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Activism

All about Anonymous

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BANGALORE ~ Anonymous is a faceless group. No two members know each other’s identity, let alone in which country they reside. They meet in a chat room to decide their course of action. Journalists wishing to communicate with them have to log into the chat room and are screened through a series of checks, from making them tweet to sharing details of their LinkedIn account. Three weeks ago, a number of members of Anonymous noticed that measures were being passed in India to regulate the freedom of the internet.

“Access to various websites like The Pirate Bay and Vimeo was being denied. A number of ISPs were blocking them. That’s when we decided that an India operation was necessary,” a member said. They attacked websites of government departments, political parties and internet service providers. They now say they will take their operation to its second stage.

Not every member is a hacker. After a website is defaced or hacked, the chat room is informed. Those who take care of the Twitter (there is an Indian operation with two twitter handles: @opindia_revenge and @AnonDDoS) and Facebook accounts simply pass on the information.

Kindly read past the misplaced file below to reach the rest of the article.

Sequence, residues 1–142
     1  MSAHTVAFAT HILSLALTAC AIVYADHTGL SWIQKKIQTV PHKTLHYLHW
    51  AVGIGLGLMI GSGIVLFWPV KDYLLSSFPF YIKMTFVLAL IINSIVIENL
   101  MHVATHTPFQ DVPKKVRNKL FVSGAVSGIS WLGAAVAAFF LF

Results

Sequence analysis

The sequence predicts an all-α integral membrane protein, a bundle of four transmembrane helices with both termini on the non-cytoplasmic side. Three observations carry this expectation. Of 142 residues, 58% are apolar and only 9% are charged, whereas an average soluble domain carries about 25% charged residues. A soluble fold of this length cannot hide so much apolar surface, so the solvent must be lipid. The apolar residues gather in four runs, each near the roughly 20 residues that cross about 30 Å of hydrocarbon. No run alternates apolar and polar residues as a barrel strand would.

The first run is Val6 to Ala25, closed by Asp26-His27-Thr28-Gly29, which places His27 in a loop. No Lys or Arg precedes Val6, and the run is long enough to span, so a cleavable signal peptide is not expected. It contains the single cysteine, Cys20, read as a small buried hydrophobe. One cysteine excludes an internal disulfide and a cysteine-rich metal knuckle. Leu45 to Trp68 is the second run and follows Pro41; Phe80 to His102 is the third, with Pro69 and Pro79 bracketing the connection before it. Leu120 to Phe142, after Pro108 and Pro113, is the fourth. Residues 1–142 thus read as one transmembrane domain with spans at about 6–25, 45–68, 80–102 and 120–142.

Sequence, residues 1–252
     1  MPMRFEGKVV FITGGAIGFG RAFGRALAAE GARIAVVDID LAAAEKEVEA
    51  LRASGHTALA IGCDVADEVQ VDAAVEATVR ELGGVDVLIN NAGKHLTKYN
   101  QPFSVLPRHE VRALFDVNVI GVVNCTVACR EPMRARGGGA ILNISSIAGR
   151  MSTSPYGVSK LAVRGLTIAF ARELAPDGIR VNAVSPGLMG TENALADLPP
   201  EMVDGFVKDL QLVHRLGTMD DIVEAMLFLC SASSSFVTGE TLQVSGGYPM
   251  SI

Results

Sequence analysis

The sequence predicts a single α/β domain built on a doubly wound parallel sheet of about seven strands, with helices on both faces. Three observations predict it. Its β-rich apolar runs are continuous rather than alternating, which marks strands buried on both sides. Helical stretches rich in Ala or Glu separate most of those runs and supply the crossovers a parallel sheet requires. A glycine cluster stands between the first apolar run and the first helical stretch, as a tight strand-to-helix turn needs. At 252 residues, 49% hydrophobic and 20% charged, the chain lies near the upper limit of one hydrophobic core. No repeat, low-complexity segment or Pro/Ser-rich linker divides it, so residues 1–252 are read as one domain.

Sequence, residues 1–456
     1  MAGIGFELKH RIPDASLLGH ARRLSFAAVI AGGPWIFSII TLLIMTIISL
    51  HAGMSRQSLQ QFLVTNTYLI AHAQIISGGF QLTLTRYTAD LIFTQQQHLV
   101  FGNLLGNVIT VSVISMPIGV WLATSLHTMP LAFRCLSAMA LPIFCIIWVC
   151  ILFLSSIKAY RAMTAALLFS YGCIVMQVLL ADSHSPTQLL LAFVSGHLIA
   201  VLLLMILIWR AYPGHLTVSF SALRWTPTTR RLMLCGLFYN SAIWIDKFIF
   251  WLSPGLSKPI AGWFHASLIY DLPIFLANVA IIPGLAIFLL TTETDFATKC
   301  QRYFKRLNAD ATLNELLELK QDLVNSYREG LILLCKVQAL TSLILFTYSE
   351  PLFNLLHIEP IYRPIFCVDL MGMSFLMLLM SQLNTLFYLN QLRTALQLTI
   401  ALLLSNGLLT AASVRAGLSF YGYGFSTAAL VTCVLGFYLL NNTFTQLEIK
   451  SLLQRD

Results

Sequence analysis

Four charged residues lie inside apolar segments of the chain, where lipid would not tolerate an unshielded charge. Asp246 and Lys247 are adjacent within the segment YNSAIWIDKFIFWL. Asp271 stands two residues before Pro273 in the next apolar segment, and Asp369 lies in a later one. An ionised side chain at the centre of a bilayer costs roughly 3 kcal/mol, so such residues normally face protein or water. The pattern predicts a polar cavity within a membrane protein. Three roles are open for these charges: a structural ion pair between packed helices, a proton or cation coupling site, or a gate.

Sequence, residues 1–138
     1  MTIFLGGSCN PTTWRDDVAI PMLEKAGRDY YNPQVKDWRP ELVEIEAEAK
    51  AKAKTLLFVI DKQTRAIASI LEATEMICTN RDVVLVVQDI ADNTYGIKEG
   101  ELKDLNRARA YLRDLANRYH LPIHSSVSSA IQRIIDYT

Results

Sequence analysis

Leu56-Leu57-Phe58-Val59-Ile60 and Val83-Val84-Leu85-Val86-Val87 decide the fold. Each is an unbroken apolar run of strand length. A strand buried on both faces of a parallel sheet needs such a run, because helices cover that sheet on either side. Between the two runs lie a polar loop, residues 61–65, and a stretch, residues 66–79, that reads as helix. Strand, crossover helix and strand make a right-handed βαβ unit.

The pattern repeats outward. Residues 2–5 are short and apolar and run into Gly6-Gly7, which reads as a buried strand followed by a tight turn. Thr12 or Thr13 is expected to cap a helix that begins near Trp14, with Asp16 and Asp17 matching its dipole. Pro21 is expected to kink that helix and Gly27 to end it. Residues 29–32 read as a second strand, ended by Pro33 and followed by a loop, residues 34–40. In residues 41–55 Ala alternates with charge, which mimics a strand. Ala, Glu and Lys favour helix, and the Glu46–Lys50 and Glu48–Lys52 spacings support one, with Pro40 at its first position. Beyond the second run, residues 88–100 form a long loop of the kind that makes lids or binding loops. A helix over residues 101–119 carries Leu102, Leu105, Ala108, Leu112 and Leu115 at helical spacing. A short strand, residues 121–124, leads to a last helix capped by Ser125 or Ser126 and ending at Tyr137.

Apart from hacking, the group also calls for offline protests. They asked people to rally on 9 June, and it was a flop. There was much enthusiasm online with thousands confirming participation, but very few showed up. In Mumbai, where 2,000 individuals were expected, less than a tenth of that number were present. Anonymous members say this was expected since internet penetration is low. “However as this penetration increases and more control over the internet is exercised, people are bound to rebel against it. Also, many groups hadn’t taken necessary permissions for protesting, so many fled at the sight of policemen,” says a member.

Anonymous has also exhorted people to file RTI queries with government departments seeking information on their communication with various websites and social networking sites.